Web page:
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Adapting a television show from a 1000+ page novel can’t be easy. All of that exposition has to be pared down somewhere, or at least greatly accelerated, especially based on Under the Dome‘s 13-episode run throughout the summer. Brian K. Vaughan apparently had a lust for the original concept by Stephen King, however; he’s taken that massive (and popular) novel and developed it for CBS in bite-sized pieces that audiences can digest steadily.

Under the Dome, then, is something of a long mini-series, at least as far as we know for now. It’s unclear how Under the Dome will conclude its season this early in the series; the pilot is more concerned with setting up that small-town feeling for the location of Chester’s Mill. What we do have in this first episode, though, combines plots that were originally in King’s novel along with things that have been included in the television series to make it more conducive to the silver screen.

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Our main character is Barbie (Mike Vogel), a mysterious man who’s not a native to Chester’s Mill. He’s there on business, said business being burying a guy in a grave out in the middle of the woods. He’s the regular tough guy/shadowy-developed character, played by Vogel in much the same way he played his character in┬áBates Motel. That’s okay, though, because Vogel and his co-star Rachelle Lefevre (who plays Julia, a hard-hitting reporter displaced from her husband) are the two best actors in this adaptation.

That’s not saying much, because though Under the Dome does require plenty of secondary characters to facilitate the idea of community in Chester’s Mill, the show doesn’t get very many capable actors. This pilot seems bent on switching between nearly every important side character on the show. There’s Big Jim Rennie (Dean Norris), a car salesman and councilman with some aspirations of greatness; Junior (Alexander Koch), Rennie’s son and borderline suicidal kid; and Angie (Britt Robertson), a candy-striper who’s been dating Junior and pushes him a little too far. That’s just to name a few; the first episode really runs rampant between many different characters, often trying to move too fast to introduce them all.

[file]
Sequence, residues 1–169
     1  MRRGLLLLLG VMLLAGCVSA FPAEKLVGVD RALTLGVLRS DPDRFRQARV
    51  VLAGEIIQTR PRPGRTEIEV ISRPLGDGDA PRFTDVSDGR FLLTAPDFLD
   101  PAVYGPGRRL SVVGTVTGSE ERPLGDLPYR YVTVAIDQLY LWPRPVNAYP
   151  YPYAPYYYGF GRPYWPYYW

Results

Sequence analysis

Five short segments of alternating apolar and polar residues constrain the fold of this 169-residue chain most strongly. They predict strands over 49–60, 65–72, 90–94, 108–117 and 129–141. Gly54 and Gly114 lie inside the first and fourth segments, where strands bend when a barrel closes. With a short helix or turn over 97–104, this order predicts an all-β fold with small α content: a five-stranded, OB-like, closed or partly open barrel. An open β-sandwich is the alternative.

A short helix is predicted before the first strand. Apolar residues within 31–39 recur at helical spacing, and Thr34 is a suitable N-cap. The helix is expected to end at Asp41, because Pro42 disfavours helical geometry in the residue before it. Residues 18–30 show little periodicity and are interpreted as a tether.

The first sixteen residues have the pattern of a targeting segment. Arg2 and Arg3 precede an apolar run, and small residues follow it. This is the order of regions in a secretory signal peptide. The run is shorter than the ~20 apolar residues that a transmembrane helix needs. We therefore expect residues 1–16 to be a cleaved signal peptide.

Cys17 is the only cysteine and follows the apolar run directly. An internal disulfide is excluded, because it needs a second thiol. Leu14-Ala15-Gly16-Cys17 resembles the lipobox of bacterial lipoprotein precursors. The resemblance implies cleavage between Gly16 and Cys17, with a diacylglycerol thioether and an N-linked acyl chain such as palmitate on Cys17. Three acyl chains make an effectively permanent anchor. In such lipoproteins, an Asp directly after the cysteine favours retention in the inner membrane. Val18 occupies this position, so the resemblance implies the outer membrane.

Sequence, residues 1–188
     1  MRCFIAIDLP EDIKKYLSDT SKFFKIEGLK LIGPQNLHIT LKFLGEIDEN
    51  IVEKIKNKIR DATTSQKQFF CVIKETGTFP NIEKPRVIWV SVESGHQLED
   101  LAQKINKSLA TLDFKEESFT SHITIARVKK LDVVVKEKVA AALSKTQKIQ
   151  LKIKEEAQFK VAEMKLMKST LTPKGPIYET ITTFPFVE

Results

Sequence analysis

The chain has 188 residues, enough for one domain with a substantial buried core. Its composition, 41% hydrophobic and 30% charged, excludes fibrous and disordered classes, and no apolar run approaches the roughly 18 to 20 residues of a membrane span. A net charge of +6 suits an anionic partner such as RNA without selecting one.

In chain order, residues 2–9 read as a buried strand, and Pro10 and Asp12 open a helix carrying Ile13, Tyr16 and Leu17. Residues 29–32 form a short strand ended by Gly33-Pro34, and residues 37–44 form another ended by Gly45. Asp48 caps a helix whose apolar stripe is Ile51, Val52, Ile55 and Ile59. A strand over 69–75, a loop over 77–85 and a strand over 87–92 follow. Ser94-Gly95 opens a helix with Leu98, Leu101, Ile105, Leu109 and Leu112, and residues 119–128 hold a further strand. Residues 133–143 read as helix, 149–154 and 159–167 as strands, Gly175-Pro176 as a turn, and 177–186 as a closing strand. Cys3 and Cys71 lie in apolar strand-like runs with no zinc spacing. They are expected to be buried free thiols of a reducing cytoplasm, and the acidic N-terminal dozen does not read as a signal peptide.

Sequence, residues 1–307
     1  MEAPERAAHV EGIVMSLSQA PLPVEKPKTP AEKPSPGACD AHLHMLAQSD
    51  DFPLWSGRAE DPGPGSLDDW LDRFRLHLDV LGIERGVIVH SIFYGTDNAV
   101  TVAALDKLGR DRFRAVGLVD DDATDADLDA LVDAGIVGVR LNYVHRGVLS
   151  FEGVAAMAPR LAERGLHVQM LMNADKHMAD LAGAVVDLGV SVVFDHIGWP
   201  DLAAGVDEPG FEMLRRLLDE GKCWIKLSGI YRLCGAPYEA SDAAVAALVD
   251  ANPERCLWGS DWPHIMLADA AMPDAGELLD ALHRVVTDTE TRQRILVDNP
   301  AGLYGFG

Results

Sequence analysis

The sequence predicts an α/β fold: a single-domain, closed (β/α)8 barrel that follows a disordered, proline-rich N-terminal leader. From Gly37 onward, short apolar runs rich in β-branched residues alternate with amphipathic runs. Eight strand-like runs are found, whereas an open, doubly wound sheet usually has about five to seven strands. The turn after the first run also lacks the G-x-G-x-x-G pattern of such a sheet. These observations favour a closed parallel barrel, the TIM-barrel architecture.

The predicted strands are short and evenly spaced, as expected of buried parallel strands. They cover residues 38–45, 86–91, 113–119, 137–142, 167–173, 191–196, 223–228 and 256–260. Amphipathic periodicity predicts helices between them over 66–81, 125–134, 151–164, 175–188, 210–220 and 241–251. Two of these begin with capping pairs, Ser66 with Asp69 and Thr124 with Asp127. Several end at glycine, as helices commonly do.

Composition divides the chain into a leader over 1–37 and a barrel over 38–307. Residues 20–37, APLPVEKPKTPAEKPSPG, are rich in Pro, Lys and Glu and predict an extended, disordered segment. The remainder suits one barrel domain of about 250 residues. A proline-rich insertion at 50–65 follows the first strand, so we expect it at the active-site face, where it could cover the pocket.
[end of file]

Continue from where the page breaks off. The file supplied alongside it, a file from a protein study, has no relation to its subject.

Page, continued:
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It’s amazing how poor some of the acting really is, though. But the blame can be attributed as much to the script as it is to the actors. The writing is very slipshod in the pilot, and the reason seems to be the extremely fast pace Under the Dome moves to incorporate the initial settling of the dome and then the fallout of that problem. The pilot introduces a lot of conflicts very quickly, and what would have taken King pages of prose and exposition to tell happens in just a few very fast moments.

That means that a lot of the impact of what happens is significantly lessened. When Norrie (Mackenzie Lintz) drops into a seizure uttering “The stars… are falling…” to her mothers (yeah man, a step forward for cable television with lesbian moms!), the immediate lack of focus on the situation loses the tension. It doesn’t help that there are quick and sometimes outrageous reactions from the characters; again, that seems to be because Under the Dome is trying to rush through the small stuff to get to major details.

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Yet the real question is, why the rush? It feels like Under the Dome is trying to cram the giant novel from King into 13 measly 45-minute episodes; but really, for a show with such potential for a lengthy premise about life in a community under a dome that requires no end in sight, there’s no use in trying to get everything done so quickly. For me, it’s more important to hit the high notes satisfactorily, not rush them so that they get jumbled into a mess that quickly fades. Unfortunately, the pilot for Under the Dome does more of the latter than the former.

Under the Dome doesn’t seem like a terrible adaptation, just one that feels pared down and made suitable for fairly predictable network television. There’s still some blood and guts, and a few tasty surprises thanks to special effects. But the inconsistent acting and the rushed plot indicates that Under the Dome is going to be a show that gets in and out fast, and it doesn’t seem to mind that either. We’ll see where the season takes us, but right now this adaptation feels trapped under the (admittedly large) dome of the original novel.


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